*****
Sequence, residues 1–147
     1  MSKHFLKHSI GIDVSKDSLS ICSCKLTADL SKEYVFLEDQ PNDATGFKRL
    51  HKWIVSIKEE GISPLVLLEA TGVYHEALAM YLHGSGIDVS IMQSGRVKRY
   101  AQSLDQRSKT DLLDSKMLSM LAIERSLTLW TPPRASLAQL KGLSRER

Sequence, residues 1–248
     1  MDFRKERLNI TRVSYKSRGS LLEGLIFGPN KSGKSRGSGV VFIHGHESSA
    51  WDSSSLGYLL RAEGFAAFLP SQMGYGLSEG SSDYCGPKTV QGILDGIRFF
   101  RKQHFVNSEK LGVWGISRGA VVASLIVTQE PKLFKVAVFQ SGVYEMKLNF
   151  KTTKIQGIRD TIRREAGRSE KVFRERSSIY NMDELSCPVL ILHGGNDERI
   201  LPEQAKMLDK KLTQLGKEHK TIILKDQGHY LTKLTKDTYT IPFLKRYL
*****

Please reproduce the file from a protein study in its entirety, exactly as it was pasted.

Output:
Sequence, residues 1–147
     1  MSKHFLKHSI GIDVSKDSLS ICSCKLTADL SKEYVFLEDQ PNDATGFKRL
    51  HKWIVSIKEE GISPLVLLEA TGVYHEALAM YLHGSGIDVS IMQSGRVKRY
   101  AQSLDQRSKT DLLDSKMLSM LAIERSLTLW TPPRASLAQL KGLSRER

Sequence, residues 1–248
     1  MDFRKERLNI TRVSYKSRGS LLEGLIFGPN KSGKSRGSGV VFIHGHESSA
    51  WDSSSLGYLL RAEGFAAFLP SQMGYGLSEG SSDYCGPKTV QGILDGIRFF
   101  RKQHFVNSEK LGVWGISRGA VVASLIVTQE PKLFKVAVFQ SGVYEMKLNF
   151  KTTKIQGIRD TIRREAGRSE KVFRERSSIY NMDELSCPVL ILHGGNDERI
   201  LPEQAKMLDK KLTQLGKEHK TIILKDQGHY LTKLTKDTYT IPFLKRYL